Meanwhile, in Paris the St. Malo declaration was presented as a major event in the history of European integration. French Defense Minister Alain Richard gloated that the two countries had, “up to now failed to agree on the way ahead for European defense. Now we are on a converging course. The new Amsterdam Treaty 16 will become a reality.” 17 The French, then, saw the declaration as another step toward the fulfillment of their dream articulated by Charles De Gaulle himself to build a “common defense system for which France has the responsibility of determining the guidelines and designating the leader.” The goal is to enable Europe to be a counterweight to America’s status as a “hyper-power,” a term coined by French Foreign Minister Hubert Vedrine, in order to create a multi-polar international system in which France, through Europe, could play a more prominent role. 18

NATO Secretary General Javier Solana reflected the Alliance support for the ESDI pact when he spoke on the occasion of the enlargement of the alliance in March 1999, “A self-confident, more mature Europe will be a more useful security partner to North America. A Europe capable of coherent military action is a pre-condition for the alliance’s long-term health.” 19 The Washington 50 th Anniversary Summit affirmed these steps. The Clinton administration was determined to take advantage of the Washington gathering as an opportunity to put an “Alliance” stamp on the ESDI developments to date.

The deal to build “the European Security and Defense Identity within the Alliance” was trumpeted as one of the most significant developments of the summit and turned on a fundamental trade-off between Washington and the key European capitals. 20 As the only country with the sophisticated military capacity to perform such missions as were simultaneously being conducted in Kosovo, the US agreed to give the Europeans the US military capabilities they would need to perform an EU-led operation. In such cases, an EU chain-of-command would take over.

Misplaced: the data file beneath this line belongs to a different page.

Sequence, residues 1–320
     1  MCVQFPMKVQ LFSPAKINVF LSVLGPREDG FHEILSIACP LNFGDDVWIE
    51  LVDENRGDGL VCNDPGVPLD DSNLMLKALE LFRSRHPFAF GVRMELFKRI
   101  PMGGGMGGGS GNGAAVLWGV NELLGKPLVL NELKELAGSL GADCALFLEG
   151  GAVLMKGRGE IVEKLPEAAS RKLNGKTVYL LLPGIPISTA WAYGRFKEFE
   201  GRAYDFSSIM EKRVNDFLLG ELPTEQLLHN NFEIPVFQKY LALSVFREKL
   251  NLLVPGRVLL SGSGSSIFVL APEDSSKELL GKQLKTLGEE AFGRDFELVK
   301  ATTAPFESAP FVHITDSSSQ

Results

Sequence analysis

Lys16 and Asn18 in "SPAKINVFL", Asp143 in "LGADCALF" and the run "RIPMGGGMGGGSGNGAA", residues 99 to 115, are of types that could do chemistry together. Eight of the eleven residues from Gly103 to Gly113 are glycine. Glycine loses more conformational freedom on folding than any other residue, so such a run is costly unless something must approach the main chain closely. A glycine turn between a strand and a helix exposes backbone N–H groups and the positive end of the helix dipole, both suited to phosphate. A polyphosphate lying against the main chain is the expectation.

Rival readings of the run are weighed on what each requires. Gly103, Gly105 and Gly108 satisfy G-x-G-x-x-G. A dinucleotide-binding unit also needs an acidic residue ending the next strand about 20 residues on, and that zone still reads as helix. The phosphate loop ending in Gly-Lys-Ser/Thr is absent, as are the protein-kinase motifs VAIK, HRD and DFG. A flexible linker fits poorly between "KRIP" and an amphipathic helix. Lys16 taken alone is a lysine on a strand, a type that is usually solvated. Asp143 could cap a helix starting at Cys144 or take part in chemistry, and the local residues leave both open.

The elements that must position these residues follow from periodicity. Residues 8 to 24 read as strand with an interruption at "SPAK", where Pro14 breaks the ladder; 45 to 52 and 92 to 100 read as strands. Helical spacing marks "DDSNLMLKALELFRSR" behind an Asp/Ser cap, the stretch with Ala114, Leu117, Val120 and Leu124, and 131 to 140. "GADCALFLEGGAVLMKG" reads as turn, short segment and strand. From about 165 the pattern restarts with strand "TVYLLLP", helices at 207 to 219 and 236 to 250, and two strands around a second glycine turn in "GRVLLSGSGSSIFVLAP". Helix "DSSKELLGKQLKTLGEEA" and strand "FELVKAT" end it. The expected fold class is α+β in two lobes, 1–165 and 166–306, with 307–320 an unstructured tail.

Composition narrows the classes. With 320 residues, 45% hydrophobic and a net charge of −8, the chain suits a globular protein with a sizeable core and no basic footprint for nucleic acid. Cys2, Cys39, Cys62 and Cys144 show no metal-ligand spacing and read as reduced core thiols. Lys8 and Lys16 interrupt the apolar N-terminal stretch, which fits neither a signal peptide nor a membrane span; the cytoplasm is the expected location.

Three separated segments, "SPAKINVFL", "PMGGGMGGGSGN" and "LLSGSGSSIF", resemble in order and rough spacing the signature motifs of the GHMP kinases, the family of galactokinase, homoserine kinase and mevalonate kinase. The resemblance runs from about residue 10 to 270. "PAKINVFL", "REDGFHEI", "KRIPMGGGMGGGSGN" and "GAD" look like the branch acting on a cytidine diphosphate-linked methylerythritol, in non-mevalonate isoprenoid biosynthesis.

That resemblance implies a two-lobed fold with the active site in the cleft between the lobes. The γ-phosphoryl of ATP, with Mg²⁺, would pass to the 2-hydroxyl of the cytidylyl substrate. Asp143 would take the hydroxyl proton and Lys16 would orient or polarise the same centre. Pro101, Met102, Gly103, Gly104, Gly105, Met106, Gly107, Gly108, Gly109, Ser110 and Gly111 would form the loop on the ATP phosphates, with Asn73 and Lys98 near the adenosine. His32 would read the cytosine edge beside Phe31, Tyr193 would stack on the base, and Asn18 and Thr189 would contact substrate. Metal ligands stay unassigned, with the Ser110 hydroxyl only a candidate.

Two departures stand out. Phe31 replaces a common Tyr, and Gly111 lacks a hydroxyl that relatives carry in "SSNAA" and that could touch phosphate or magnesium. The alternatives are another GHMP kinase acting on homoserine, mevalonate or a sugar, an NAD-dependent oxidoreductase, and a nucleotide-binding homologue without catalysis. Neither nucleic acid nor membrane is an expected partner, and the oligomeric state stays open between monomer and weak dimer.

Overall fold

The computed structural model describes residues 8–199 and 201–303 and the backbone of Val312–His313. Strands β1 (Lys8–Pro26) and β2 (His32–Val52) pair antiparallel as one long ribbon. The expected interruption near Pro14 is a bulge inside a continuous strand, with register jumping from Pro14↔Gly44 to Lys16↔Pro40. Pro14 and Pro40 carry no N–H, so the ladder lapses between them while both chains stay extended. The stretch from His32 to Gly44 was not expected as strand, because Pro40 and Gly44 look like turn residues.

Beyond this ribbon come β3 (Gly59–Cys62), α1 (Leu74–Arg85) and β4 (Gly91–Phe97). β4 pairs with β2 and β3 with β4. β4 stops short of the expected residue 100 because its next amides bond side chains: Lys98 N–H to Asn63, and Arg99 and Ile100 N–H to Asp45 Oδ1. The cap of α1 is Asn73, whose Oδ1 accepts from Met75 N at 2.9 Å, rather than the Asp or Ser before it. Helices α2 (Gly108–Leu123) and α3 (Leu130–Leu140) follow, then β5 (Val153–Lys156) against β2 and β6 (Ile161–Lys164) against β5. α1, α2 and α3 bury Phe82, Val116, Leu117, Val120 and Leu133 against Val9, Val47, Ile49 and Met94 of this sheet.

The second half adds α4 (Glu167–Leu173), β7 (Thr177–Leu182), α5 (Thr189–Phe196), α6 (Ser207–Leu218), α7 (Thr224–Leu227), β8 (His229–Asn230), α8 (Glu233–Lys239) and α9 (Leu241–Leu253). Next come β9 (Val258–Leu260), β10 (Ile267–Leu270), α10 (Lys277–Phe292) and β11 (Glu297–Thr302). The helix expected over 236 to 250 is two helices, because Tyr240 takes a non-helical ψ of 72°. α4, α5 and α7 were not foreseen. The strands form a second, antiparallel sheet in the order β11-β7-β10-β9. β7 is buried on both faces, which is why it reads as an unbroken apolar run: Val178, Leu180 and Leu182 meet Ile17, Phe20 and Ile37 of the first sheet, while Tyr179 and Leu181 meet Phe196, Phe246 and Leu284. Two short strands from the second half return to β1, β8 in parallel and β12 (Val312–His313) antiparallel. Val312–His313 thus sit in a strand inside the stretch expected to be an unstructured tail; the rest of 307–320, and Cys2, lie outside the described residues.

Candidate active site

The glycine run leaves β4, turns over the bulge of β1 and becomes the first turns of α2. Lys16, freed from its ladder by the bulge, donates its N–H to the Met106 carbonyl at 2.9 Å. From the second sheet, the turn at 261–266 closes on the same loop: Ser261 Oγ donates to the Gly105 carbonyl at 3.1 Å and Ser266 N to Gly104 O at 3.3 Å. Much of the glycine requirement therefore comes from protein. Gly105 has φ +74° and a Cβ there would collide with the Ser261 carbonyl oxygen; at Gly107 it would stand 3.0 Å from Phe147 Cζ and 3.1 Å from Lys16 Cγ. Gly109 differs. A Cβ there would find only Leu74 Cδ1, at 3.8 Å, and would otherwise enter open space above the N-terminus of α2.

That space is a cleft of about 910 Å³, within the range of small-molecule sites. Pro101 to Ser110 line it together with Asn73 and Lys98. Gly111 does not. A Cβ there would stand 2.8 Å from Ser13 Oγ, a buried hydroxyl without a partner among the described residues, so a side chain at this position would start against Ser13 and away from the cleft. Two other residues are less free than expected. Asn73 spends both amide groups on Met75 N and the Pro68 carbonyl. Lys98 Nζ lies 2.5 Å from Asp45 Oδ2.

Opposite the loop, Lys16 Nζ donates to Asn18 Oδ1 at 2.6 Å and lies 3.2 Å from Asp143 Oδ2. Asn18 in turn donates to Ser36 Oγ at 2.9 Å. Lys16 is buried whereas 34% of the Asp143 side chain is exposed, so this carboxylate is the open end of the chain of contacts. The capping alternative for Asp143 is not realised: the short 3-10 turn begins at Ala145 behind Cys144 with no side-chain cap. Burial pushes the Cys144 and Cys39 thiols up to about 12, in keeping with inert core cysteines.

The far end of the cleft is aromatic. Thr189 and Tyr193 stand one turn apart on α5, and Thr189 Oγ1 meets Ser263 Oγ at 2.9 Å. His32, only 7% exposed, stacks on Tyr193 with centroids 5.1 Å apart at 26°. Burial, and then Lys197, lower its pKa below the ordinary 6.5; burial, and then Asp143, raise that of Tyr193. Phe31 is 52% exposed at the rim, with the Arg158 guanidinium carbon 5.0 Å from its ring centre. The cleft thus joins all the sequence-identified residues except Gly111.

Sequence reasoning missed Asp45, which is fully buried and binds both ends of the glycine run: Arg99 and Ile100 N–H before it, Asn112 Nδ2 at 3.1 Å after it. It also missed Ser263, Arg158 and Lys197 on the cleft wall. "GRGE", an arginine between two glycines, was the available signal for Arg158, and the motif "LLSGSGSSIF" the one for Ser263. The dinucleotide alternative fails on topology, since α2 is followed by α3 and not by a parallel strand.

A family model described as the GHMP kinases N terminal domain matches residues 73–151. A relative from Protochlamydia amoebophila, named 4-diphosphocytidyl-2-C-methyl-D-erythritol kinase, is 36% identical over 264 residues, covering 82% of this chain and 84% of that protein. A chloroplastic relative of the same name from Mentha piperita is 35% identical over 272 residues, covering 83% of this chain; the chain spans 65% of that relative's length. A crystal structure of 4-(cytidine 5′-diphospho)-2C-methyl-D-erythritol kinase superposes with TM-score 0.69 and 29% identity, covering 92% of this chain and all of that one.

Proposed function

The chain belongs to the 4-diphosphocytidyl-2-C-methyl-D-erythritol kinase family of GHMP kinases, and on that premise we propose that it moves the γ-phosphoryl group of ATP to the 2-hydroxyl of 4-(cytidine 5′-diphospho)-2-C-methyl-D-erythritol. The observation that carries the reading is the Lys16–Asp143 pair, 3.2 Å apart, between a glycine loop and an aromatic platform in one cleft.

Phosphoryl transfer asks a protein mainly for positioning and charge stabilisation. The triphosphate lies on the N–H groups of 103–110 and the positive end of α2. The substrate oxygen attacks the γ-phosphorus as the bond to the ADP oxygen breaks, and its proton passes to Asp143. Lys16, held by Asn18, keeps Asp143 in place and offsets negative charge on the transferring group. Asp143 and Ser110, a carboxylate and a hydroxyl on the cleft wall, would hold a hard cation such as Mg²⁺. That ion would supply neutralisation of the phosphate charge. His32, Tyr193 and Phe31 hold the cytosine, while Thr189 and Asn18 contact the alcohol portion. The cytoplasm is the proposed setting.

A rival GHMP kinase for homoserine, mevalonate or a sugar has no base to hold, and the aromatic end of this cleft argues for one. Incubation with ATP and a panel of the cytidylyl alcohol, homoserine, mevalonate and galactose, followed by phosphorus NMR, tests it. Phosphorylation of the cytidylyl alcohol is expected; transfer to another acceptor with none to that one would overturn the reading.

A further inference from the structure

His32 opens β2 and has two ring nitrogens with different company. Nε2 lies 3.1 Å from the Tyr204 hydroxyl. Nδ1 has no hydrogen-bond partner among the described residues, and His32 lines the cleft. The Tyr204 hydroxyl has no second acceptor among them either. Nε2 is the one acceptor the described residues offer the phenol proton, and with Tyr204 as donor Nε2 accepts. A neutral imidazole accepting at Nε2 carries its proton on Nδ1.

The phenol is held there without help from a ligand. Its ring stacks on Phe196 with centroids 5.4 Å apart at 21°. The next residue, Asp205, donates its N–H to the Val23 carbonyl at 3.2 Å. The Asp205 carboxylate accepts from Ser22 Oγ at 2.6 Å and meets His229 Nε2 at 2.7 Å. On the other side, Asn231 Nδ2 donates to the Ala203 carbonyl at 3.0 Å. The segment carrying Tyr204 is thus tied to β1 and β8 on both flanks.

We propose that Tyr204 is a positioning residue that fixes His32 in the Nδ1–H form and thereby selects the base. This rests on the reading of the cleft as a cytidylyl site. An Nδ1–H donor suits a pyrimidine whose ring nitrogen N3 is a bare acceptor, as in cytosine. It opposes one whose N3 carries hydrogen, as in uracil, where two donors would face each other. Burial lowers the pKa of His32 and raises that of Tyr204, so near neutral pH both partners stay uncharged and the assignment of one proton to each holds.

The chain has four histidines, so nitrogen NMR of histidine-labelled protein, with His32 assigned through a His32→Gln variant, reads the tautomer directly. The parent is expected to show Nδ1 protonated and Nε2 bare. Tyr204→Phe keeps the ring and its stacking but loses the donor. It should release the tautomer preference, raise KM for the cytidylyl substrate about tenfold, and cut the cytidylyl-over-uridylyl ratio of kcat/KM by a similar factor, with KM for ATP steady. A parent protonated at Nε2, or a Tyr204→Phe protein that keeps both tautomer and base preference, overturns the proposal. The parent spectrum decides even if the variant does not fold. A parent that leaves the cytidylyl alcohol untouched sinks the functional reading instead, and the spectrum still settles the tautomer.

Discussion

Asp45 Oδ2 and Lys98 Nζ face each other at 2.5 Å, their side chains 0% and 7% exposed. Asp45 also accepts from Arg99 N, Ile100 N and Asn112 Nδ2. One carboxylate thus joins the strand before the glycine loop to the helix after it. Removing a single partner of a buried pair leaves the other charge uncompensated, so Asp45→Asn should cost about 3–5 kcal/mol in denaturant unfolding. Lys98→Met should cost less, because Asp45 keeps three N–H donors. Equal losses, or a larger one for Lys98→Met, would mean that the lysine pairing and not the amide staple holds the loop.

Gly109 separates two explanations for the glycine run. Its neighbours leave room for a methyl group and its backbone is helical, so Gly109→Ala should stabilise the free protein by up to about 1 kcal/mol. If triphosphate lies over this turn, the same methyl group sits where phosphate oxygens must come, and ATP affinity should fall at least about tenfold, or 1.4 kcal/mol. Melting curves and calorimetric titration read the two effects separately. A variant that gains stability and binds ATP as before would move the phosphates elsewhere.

Key provisions of the accord include a stipulation that the Europeans build up their defense identity and capabilities within NATO and not separately under the EU. For instance, the US was insistent that the EU not develop a military planning system independent of NATO. The agreement also gives NATO the “first right of refusal” which means that EU leadership takes effect only after the alliance has declined to take on the mission – a step that effectively allows the US to pass up the opportunity to take political and military leadership of the particular crisis.

Several other initiatives were unveiled at the summit with the intent of keeping momentum for NATO’s retooling in key areas going. Building on the Berlin principles the Alliance launched the Defense Capabilities Initiative (DCI) designed to enhance European defense industrial cooperation and to help Europe close the defense technology gap. 21 Fifty-eight common projects have been identified both to help insure interoperability and to increase Alliance capacity for the type of highly mobile, flexible, sustainable, and survivable power projection needed to apply NATO’s new strategic concept. 22